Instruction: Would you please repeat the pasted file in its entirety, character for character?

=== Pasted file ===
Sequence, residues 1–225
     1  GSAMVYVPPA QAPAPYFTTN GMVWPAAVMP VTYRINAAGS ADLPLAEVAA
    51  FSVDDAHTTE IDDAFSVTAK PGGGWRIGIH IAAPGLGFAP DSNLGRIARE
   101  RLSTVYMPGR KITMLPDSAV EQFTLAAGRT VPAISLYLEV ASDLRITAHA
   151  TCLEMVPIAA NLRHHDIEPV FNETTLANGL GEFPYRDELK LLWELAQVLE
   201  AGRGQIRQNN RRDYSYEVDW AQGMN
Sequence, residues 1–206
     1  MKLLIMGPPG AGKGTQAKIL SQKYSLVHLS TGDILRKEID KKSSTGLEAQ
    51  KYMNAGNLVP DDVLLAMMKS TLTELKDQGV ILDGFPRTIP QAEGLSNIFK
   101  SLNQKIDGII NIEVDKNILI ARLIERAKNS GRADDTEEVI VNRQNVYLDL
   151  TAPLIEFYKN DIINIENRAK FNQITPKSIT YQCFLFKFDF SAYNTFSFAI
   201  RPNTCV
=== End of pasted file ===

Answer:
Sequence, residues 1–225
     1  GSAMVYVPPA QAPAPYFTTN GMVWPAAVMP VTYRINAAGS ADLPLAEVAA
    51  FSVDDAHTTE IDDAFSVTAK PGGGWRIGIH IAAPGLGFAP DSNLGRIARE
   101  RLSTVYMPGR KITMLPDSAV EQFTLAAGRT VPAISLYLEV ASDLRITAHA
   151  TCLEMVPIAA NLRHHDIEPV FNETTLANGL GEFPYRDELK LLWELAQVLE
   201  AGRGQIRQNN RRDYSYEVDW AQGMN
Sequence, residues 1–206
     1  MKLLIMGPPG AGKGTQAKIL SQKYSLVHLS TGDILRKEID KKSSTGLEAQ
    51  KYMNAGNLVP DDVLLAMMKS TLTELKDQGV ILDGFPRTIP QAEGLSNIFK
   101  SLNQKIDGII NIEVDKNILI ARLIERAKNS GRADDTEEVI VNRQNVYLDL
   151  TAPLIEFYKN DIINIENRAK FNQITPKSIT YQCFLFKFDF SAYNTFSFAI
   201  RPNTCV